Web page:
Were we to hold that mere ownership of property with the intent of mining its resources is sufficient to establish a nonconforming use, mining could be expanded indefinitely under the auspices of a nonconforming use. We believe, therefore, that such uses are not without limitation.

Although we do not impose the impractical limitation that the property be actively mined prior to the enactment of the ordinance, it must have been demonstrably dedicated to that use.

Id. at 146. Recognizing that ownership of the property with the intent to mine was an important factor, but not the exclusive factor, the Kentucky Court of Appeals ruled that the limited activities which had taken place before the zoning were sufficiently established. Id.20

While the treatment of the diminishing assets doctrine has variations, most of the cases from other jurisdictions demonstrate that courts have, under appropriate circumstances, permitted mining and quarrying companies not only to continue, but to expand operations after a zoning change which would have otherwise prohibited their activities.

VI. Analysis

The evidence at trial established that the Company engaged in a variety of activities on the property prior to passage of the County ordinance on August 17, 1998. Specifically, the Company applied for water and air permits required for quarrying activities. The Company scouted the property to determine its suitability as a quarry site and located previously excavated mining pits. The Company cleared overgrown brush and vegetation from the roadways, the ramps into the pits, and the inside of the pits so that mining equipment and company vehicles could operate on the property. The Company moved a track loader and dozier onto the property and used the dozier to continue work on the roads and ramps. The Company laid out and completed a blast shot on the property on July 23, 1998. The Company used some of the blast rock for roads on the property, but on July 29 and 30, 1998, hauled the remaining blast rock on trucks to another one of the Company's facilities, where the rock was processed for resale. Finally, on August 14, 1998, the Company prepared the location of a second blast shot, but the second blast actually did not occur until August 20, 1998, subsequent to passage of the County ordinance.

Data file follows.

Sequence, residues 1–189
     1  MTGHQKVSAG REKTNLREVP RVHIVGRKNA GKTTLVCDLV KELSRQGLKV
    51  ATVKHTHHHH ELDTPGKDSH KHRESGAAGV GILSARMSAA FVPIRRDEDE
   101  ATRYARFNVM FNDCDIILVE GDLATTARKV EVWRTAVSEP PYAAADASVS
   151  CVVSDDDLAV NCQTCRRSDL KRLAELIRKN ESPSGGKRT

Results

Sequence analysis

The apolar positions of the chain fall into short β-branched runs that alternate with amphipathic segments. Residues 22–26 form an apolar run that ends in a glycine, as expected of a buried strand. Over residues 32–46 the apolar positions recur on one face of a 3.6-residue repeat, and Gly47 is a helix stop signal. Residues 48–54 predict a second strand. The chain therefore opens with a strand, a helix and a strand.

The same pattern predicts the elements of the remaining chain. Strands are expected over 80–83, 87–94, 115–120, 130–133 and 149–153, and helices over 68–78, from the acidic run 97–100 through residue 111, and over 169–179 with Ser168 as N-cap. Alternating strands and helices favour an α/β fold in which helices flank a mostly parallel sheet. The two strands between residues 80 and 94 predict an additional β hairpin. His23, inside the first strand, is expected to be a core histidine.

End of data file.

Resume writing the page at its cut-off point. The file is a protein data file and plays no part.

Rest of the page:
The Company conducted three blasts on the property, the reports of which appear as exhibits in the record. The blasts occurred on July 23, August 20, and October 1, 1998. The location of the July 23, 1998 blast is indicated as being on the “e[ast] wall.” The August 20 blast location was at the “n[orth]w [est] wall” and the October 1 blast was at the “n[orth]e[ast] corner of pit.” Based on the testimony regarding the location of the Company's operations, all of the blasts took place within pit one, a portion of which is on the western part of the property, an area outside of the city zoning boundary. Because the ordinance was passed and became effective on August 17, 1998, only the July 23 blast can be considered in determining whether the pre-ordinance activities constitute “in operation” for purposes of Tennessee Code Annotated section 13–7–208. Although the monetary amount expended by the Company in relation to these activities was disputed at trial, the trial court found the expenditures on the previously unzoned portion of the property to be approximately $80,000 to $100,000.